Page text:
The show featuring composer and musician (and half of the innovative production team The Mizell Brothers) Larry Mizell aired on Sunday, September 4 at 11:00pm – 1:00am on WBAI and is archived here until Sunday 9/18.
The sibling duo of Larry and Alphonso “Fonce” Mizell revolutionized the sound and shape of jazz-funk–fusing the commercial sensibilities of Motown with the virtuoso musicianship of the Blue Note stable, the brothers (collaborating under their Sky High Productions aegis) produced a series of now-classic LPs of uncom…mon beauty and elegance, characterized by soaring horns, cosmic synths, celestial string arrangements and sublime rhythms. While jazz purists reviled their efforts, time has conclusively proven the Mizells’ singular genius, and their records remain some of the most sampled and celebrated within contemporary hip-hop culture. Fonce was born on January 15, 1943 (recently transitioning on August 10, 2011), and Larry was born on February 17, 1944.
Upon graduating Howard, Larry Mizell accepted an engineering position
with Grumman Aerospace while Fonce and Perren relocated to Los Angeles,
both landing with the short-lived independent label LARCO. A mutual friend soon put Fonce in contact with Motown producer Deke Richards, and in 1969 he and Perren were signed to the label as staff songwriters. Together with Richards and Motown chief Berry Gordy Jr., they formed the writing and production team dubbed the Corporation–after writing a proposed Gladys Knight and the Pips song titled “I Wanna Be Free,” Gordy suggested they rework the song for Motown’s latest signing, a sibling group from Gary, Indiana dubbed the Jackson 5. Retitled “I Want You Back,” the Jackson 5 version remains one of the signature Motown classics, rocketing the group to international fame; the Corporation also emerged as reliable hitmakers, creating the Jacksons’ smash follow-ups “ABC” and “The Love You Save” as well as Martha Reeves and the Vandellas’ 1971’s effort “Bless You.” Meanwhile, after earning his master’s degree from New York University, Larry resigned from Grumman and finally joined his brother in L.A., working as a session player on a handful of Corporation-helmed projects.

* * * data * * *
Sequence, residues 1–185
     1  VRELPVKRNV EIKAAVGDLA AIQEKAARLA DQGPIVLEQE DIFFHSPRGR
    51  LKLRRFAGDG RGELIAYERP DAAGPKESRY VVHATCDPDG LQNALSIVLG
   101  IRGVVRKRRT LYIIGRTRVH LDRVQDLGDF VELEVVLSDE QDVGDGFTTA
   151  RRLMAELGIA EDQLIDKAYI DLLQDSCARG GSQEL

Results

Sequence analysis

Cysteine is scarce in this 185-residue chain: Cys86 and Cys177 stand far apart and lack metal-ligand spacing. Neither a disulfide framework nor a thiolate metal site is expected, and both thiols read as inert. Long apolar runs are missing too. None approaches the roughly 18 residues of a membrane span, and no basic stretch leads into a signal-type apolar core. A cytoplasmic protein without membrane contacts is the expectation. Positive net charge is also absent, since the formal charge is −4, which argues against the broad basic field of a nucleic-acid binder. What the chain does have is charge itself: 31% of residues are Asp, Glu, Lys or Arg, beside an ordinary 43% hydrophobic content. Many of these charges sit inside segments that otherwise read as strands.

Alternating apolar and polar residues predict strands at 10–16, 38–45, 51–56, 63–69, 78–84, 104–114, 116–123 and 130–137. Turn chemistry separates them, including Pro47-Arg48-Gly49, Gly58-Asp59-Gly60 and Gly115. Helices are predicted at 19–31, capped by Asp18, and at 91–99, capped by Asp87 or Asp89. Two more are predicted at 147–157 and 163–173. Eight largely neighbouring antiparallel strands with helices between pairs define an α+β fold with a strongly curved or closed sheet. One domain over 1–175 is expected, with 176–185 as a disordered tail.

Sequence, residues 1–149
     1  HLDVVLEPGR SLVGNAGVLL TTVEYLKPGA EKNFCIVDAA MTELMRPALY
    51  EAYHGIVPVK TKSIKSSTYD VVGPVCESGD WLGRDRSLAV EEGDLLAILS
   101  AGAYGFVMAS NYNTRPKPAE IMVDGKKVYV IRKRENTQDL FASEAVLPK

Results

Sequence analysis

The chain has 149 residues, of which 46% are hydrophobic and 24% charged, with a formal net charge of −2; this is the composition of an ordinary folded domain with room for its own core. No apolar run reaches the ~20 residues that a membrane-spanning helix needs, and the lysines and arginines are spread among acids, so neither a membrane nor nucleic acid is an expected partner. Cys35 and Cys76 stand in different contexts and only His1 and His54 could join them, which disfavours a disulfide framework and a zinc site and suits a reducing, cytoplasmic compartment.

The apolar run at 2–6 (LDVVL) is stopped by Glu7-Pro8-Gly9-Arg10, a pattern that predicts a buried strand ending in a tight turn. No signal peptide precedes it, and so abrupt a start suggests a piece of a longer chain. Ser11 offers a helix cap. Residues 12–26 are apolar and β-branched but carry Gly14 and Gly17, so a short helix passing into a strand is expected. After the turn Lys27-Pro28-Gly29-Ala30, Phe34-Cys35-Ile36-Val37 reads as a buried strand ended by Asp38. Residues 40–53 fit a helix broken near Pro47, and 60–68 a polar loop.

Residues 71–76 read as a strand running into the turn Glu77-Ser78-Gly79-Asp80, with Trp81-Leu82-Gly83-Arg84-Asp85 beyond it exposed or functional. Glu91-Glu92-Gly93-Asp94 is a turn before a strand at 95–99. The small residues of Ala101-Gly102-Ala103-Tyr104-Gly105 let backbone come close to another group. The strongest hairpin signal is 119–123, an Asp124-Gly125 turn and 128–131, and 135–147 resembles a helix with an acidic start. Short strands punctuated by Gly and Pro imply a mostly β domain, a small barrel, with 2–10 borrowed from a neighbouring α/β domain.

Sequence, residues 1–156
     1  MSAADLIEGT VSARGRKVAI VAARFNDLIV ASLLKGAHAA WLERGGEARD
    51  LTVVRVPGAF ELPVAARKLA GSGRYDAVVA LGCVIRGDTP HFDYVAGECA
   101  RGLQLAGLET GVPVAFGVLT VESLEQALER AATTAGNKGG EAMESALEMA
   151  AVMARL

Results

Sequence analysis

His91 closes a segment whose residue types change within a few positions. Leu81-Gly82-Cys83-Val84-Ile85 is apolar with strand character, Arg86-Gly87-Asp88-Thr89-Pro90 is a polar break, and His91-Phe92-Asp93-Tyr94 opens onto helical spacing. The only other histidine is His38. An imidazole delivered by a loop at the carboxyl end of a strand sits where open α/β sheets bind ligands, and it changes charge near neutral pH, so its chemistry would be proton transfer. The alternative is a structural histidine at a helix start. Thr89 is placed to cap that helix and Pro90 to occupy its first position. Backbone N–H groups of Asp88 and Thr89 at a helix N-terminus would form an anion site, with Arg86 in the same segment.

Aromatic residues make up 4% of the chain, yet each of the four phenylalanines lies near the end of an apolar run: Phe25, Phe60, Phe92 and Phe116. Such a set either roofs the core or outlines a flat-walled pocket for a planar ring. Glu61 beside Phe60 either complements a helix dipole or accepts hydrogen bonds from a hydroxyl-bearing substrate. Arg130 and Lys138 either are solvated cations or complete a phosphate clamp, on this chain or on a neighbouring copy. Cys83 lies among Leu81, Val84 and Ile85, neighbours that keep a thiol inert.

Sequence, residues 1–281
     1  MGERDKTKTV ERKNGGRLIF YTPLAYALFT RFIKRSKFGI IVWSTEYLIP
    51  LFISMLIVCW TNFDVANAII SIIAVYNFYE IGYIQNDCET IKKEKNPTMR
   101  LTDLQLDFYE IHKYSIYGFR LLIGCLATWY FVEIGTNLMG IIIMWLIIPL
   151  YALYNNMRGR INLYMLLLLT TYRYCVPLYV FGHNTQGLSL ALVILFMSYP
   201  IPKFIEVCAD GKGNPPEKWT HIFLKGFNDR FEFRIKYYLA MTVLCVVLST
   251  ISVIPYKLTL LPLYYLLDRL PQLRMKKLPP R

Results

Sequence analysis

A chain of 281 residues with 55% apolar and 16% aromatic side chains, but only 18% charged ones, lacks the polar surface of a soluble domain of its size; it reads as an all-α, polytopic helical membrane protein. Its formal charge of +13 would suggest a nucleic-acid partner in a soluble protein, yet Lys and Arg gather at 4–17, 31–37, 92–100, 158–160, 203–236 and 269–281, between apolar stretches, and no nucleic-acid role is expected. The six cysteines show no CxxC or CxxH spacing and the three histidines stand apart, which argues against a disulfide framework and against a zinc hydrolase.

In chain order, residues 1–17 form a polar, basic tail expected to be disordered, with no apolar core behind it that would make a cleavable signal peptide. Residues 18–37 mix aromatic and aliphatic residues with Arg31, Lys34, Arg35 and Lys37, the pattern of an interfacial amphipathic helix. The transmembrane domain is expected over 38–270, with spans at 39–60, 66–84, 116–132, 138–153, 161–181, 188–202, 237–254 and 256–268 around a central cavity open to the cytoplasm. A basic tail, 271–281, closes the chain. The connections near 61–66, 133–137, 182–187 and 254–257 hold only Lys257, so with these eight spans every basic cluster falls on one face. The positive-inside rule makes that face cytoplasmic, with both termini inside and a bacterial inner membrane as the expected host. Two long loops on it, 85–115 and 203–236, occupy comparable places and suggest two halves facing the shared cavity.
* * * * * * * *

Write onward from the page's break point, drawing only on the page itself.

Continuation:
In 1972, Fonce and Larry Mizell acquired an ARP Soloist synthesizer and began composing demo material, eventually founding their own production concern, Sky High. Trumpeter Donald Byrd’s 1973 LP Black Byrd was the first official Sky High effort–the best-selling Blue Note release in the company’s long and storied history, it earned a Grammy nomination and immediately established the Mizells’ signature approach to jazz, which drew heavily on the sleek sensibility now dominating mainstream R&B.
Hosted by Arts Producer Joyce Jones